Only a few studies have focused on the advantages of legume protein isolates and prebiotics for encapsulation of probiotics. Thus, the combination of legume proteins and prebiotics is of interest for simultaneously improving protection of probiotics and stimulating the activity of both delivered and resident bacteria in the gastrointestinal tract. Optimisation of the composition of encapsulating materials and the process is necessary to maximize encapsulation efficiency and the viability of cells during freeze-drying and exposure to the acidic conditions of the gastrointestinal tract. The classical experimental approach varies one-parameter at a time, which is time-consuming and does not include interaction among the variables or depicts the complete effects of the parameters on the process. Over the last two decades, Response Surface Methodology (RSM) has gained increasing acceptance as an efficient statistical technique for investigating the effect of various factors on a process. Several formulation parameters are varied simultaneously in order to predict the optimum process conditions based on a minimum number of experiments .
The objective of the present study was to determine the optimum combination of BGPI/alginate and inulin for encapsulation of Lactobacillus rhamnosus GG using the complex coacervation technique. The optimised formulation was expected to maximize the encapsulation efficiency, the survival rate of encapsulated cells after freeze drying and storage and during exposure to simulated gastric fluid and in simulated intestinal fluid.
A commercial probiotic strain of Lactobacillus rhamnosus GG (ATCC 53013) was purchased from the American Type Culture Collection. The stock cultures were preserved in De Man, Rogosa, and Sharpe (MRS) broth (Difco, Sparks, MD, USA) with 25% w/v glycerol at -80°C. Prior to use, frozen cultures were activated by culturing in MRS broth on two successive incubations in anaerobic conditions maintained in an anaerobic jar containing a gas-pak microbiology Anaerocult® A (Merck, Darmstadt, Germany) at 37°C for 48 h.
Preparation of L. rhamnosus GG-loaded Microcapsules by Complex Coacervation and Preparation of Bambara Groundnut Protein Isolate
Mature Bambara groundnut seeds were obtained from a local market, HatYai, Songkhla, Thailand. The sample (1 kg) was dehulled and ground using a grinding machine (Health Herb Products Co., Ltd., Thailand) to obtain a fine powder. Bambara groundnut protein isolate (BGPI) was prepared according to the methods of Pastor-Cavada et al.  with a slight modification as follows. Twenty grams of groundnut powder was suspended in 100 ml of 2 g/l NaOH solution (pH 12). The mixture was stirred continuously for 2 h at room temperature (30°C) followed by centrifugation at 6000 × g for 30 min at 25°C using a Beckman Model Avanti J-E centrifuge (Beckman Coulter, Inc., Fullerton, CA, USA). The supernatant was collected and adjusted to pH 4.5 using 6 M HCl where upon a precipitate was formed and subsequently isolated by centrifugation at 6000 × g for 30 min at 25°C. The resulting pellet was washed with 10 volumes of distilled water (pH 4.5) followed by centrifugation at 8000 × g for 30 min and using a freeze dryer (model FD-300 Airvac Engineering Pty Ltd., Dandenong, Australia) at a condenser temperature of -40°C for 20 h. The dried powder was referred to as ‘Bambara groundnut protein isolate (BGPI)’. BGPI was placed in sealed polyethylene bag and stored at 4°C until use.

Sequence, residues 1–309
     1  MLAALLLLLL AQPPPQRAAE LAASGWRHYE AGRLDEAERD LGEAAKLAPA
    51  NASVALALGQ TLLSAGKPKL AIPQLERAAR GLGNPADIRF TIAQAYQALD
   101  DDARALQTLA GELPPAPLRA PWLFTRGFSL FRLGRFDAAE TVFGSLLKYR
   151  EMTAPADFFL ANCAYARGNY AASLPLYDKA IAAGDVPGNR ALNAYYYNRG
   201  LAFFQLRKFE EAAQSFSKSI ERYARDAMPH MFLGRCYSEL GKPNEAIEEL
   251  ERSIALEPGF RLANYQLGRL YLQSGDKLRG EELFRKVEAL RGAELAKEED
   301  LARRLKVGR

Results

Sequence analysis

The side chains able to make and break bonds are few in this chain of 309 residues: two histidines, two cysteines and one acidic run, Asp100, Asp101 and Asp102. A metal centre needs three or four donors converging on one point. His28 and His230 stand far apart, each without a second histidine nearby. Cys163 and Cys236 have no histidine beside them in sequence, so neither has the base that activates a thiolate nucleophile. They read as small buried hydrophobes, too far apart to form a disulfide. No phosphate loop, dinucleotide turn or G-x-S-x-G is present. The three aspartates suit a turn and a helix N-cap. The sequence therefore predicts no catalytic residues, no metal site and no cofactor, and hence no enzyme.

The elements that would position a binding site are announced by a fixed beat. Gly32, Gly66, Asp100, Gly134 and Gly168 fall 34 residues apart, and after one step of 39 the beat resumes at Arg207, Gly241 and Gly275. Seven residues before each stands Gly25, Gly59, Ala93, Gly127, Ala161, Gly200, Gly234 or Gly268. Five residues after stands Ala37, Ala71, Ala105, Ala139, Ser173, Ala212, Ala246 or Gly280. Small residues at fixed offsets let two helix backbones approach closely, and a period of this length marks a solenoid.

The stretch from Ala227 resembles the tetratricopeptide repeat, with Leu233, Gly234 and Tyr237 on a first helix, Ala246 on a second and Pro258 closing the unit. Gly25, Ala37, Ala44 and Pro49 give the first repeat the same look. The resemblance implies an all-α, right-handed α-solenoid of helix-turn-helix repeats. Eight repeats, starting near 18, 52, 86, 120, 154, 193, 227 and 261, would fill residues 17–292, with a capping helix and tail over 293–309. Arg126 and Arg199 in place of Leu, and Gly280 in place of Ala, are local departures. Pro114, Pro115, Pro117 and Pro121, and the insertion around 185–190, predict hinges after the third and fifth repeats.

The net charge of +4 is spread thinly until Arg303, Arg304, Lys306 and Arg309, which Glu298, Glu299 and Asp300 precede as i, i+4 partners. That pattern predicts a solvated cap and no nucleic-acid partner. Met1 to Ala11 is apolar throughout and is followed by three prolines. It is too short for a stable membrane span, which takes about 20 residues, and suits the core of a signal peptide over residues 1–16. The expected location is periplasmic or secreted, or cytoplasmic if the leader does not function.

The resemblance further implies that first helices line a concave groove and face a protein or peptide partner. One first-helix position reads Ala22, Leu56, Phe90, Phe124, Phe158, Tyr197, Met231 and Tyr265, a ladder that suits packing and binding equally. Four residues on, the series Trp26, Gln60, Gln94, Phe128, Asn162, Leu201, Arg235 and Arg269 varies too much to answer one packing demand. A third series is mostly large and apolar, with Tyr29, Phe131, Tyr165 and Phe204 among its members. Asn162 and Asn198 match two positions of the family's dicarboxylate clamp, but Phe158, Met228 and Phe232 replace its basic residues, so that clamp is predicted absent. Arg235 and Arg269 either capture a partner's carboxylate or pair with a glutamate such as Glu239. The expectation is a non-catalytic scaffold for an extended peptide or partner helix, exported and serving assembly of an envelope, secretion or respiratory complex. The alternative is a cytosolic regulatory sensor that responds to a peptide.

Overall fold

The probiotic cells were encapsulated by BGPI/alginate (1:1 weight mixing ratio) and inulin using the complex coacervation technique. The BGPI/alginate and inulin solution were prepared in various concentrations as generated by the experimental design described below. The encapsulation process was performed by adding the cell dispersion in 2 ml inulin solution (cell density 109-1010 CFU/ml) into 8 ml BGPI/alginate solution and the mixture was stirred gently for 20 min. The pH of the mixture was subsequently adjusted to pH 4.5 by slowly adding a 10% (v/v) lactic acid solution to form coacervates and left to stand at room temperature (30°C) for at least 30 min to allow complete phase separation. Subsequently, the complex coacervation phase in the form of microcapsules was obtained by decantation of the clear supernatant. The microcapsules were washed three times with deionized water (pH 4.5) and then freeze-dried with the conditions as described previously. The number of viable encapsulated cells before and after the freeze-drying process was enumerated to calculate a survival rate.
The desired results of responses, i.e., entrapment efficiency (EE, %), viability of probiotic cell in acid solution pH 2.0 (%) and viability of the cells after freeze drying (%) were required. Two main factors includes BGPI/alginate aqueous solution of 1-3% w/v prepared with biopolymer mixing ratio of 1:1 and inulin solution of 1-5% w/v. As shown in Table 1, thirteen different combinations were prepared for the optimization procedure based on a central composite design (CCD) to investigate the effect of two factors on the responses listed above.
|Trial no.||Factor (%)||Responses|
|Encapsulation efficiency (%)||Survival rate (%) in acid condition||Survival rate (%) after Frreze-drying|
|1||-1 (1)||-1 (1)||85.18||86.01||82.45||82.79||83.22||83.9|
|2||1 (3)||-1 (1)||89.5||89.75||87.76||87.77||88.74||88.96|
|3||-1 (1)||1 (5)||89.12||89.41||87.35||87.06||89.35||88.67|
|4||1 (3)||1 (5)||89.81||89.53||88.98||88.36||89.59||88.46|
|5||1.4142 (0.58)||0 (3)||87.43||86.68||84.27||84.09||85.49||85.32|
|6||1.4142 (3.41)||0 (3)||89.35||89.53||88.24||88.65||88.28||88.87|
|7||0 (2)||1.4142 (0.17)||88.75||88.09||85.18||84.87||87.11||86.37|
|8||0 (2)||1.4142 (5.38)||90.25||92.32||87.75||90.29||88.2||91.41|
|9||0 (2)||0 (3)||95.93||96.56||93.27||94.26||94.23||95.62|
|10||0 (2)||0 (3)||96.9||96.56||94.14||94.26||95.98||95.62|
|11||0 (2)||0 (3)||95.9||96.56||93.89||94.26||94.34||95.62|
|12||0 (2)||0 (3)||97.2||96.56||95.24||94.26||96.39||95.62|
|13||0 (2)||0 (3)||96.85||96.56||94.76||94.26||96.17||95.62|